"Understanding the clinical relevance of mouse transgenic prostate cancer models"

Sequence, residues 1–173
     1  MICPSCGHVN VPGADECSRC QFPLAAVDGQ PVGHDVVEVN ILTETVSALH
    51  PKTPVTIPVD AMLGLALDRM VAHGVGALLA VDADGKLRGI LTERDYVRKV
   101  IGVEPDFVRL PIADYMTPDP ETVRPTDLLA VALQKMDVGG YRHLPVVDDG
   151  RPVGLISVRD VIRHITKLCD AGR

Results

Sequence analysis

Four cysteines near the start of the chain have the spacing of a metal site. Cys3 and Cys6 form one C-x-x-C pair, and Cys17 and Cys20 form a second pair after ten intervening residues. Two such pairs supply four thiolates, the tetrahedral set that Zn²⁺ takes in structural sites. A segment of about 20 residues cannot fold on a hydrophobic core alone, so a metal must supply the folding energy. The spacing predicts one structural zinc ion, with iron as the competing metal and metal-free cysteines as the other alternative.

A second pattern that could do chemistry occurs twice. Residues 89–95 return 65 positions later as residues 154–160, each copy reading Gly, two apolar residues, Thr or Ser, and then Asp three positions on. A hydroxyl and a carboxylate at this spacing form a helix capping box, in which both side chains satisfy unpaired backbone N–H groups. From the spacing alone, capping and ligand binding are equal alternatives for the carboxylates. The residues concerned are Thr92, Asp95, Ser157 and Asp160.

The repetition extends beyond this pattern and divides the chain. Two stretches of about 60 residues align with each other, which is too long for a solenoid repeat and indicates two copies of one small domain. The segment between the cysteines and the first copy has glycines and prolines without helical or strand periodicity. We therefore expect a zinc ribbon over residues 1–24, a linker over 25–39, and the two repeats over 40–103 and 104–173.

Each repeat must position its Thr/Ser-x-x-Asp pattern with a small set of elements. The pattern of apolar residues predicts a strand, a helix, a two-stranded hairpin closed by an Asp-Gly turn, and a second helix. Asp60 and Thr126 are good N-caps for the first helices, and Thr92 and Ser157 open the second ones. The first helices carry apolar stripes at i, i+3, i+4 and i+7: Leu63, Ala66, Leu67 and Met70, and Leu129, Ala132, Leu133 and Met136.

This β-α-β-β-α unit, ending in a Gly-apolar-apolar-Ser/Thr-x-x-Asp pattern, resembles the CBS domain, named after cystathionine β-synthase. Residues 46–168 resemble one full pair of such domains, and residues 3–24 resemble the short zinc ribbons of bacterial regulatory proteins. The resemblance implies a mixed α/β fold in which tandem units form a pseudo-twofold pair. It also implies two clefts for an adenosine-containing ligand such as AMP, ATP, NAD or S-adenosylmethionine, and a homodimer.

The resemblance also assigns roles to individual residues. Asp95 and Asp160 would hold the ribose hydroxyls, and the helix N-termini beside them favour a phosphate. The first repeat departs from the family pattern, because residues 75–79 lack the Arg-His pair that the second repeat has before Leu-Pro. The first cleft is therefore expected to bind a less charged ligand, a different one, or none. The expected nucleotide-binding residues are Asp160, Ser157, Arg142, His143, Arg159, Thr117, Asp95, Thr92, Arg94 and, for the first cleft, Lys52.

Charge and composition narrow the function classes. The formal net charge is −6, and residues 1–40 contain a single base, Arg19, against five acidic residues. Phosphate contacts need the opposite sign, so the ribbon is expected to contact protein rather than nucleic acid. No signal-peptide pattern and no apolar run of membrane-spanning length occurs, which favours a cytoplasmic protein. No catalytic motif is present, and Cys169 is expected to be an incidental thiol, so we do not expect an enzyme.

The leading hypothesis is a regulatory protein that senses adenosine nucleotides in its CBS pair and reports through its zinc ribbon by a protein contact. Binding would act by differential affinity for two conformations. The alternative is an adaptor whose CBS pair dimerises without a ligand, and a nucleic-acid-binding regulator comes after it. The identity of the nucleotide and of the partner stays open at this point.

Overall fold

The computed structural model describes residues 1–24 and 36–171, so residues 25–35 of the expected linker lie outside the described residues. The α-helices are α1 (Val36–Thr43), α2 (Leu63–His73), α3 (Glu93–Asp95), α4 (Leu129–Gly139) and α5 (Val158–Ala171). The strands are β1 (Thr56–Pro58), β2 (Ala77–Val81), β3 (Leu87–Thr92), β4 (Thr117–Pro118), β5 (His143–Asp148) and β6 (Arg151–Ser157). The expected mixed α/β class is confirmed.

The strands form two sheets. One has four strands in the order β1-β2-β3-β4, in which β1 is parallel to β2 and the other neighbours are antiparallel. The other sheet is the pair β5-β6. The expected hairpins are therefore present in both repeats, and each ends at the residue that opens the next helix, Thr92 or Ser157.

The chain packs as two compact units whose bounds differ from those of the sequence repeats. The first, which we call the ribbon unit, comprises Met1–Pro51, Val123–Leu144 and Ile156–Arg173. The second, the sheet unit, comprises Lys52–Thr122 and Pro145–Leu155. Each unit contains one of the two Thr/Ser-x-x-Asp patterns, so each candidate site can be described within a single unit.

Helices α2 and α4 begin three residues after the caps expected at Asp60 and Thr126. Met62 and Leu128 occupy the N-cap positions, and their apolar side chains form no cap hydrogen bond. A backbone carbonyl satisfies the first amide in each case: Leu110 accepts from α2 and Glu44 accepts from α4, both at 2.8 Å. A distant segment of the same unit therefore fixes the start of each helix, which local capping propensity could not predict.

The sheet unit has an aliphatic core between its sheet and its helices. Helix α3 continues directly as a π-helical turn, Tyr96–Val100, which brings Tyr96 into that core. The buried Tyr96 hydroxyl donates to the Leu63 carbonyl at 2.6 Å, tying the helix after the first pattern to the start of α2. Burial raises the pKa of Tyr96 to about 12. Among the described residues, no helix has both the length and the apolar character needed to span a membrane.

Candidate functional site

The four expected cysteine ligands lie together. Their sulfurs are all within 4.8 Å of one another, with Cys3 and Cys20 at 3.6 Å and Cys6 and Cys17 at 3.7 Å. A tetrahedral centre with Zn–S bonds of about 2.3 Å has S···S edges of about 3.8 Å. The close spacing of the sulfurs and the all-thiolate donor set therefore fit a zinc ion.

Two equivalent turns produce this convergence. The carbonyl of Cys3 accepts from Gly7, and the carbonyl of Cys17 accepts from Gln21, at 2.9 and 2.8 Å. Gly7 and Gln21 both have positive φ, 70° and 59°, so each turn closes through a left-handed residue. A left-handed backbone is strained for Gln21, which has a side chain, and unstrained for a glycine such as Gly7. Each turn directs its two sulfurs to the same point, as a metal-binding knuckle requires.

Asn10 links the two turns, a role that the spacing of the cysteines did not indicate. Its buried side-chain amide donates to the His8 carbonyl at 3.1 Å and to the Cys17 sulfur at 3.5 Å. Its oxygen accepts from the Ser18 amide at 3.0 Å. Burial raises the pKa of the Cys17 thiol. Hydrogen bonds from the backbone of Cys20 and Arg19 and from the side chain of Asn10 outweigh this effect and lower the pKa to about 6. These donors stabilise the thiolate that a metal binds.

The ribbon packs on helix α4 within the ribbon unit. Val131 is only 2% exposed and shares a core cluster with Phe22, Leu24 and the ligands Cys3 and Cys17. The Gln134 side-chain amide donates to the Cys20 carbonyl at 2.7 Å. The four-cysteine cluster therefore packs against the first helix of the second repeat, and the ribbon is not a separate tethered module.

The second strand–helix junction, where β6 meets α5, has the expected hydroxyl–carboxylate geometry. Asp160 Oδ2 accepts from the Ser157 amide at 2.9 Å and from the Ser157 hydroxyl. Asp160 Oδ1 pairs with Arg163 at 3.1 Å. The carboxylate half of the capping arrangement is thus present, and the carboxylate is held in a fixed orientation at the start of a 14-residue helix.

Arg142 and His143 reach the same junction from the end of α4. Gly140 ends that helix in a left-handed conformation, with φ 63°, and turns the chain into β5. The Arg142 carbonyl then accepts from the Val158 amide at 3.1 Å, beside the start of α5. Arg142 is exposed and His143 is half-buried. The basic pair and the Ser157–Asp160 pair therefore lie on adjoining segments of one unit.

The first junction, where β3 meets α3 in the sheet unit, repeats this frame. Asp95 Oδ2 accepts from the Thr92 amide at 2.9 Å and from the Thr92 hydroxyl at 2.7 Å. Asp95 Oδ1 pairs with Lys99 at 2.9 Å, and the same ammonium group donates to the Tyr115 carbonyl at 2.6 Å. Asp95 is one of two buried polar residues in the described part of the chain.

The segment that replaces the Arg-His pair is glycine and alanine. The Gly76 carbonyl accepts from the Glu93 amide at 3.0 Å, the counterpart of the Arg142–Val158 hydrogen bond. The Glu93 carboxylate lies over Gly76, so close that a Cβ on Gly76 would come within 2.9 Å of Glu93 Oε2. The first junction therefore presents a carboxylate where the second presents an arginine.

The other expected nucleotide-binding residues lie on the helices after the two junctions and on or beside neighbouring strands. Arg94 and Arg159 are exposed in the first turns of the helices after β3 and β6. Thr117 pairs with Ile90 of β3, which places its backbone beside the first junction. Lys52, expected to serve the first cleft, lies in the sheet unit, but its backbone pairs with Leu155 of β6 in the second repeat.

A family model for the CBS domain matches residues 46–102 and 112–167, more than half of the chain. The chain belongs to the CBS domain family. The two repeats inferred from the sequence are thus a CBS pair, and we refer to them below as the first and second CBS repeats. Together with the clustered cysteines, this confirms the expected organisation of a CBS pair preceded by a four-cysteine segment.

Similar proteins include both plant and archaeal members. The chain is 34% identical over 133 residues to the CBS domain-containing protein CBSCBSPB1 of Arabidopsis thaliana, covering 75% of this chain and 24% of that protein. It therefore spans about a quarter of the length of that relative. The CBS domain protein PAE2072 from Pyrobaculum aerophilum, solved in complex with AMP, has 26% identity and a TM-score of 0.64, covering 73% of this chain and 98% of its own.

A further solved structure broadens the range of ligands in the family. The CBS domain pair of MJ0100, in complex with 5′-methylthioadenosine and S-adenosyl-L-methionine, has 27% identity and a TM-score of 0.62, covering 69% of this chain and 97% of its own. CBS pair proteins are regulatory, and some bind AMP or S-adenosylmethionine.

Though it has been well-established that germline mutations in a number of DNA repair genes (e.g. BRCA1, BRCA2, ATM, P53) lead to highly penetrant familial breast cancer, these instances are rare. It is hypothesized that many common forms of breast cancer are also linked to DNA repair defects, but in this case due to epistatic genetic interactions of two or more alleles. Based on this, we propose that DNA damage sensitivity may serve as an intermediate phenotype for cancer susceptibility. As such, our laboratory has developed a rapid screening approach for identifying novel low penetrance breast cancer susceptibility alleles which leverages the model system S. cerevisiae for genome-wide screening and uses sensitivity to DNA damaging agents as an intermediate phenotype for cancer susceptibility. In this study, we will screen for genes that show synthetic DNA damage sensitivity with tel1ƒ´, the yeast homolog of the human tumor suppressor and DNA damage sensor, ATM. Using methods that integrate both computational biology and molecular genetics, we will characterize the identified synthetic interactions for those that are conserved in human mammary epithelial cells and test for those that contribute to cancer susceptibility. Identification of low penetrance breast cancer alleles would have a significant public health benefit in both cancer screening and evolving treatment strategies, and we hope to further elucidate the link between tumorigenesis and DNA repair defects.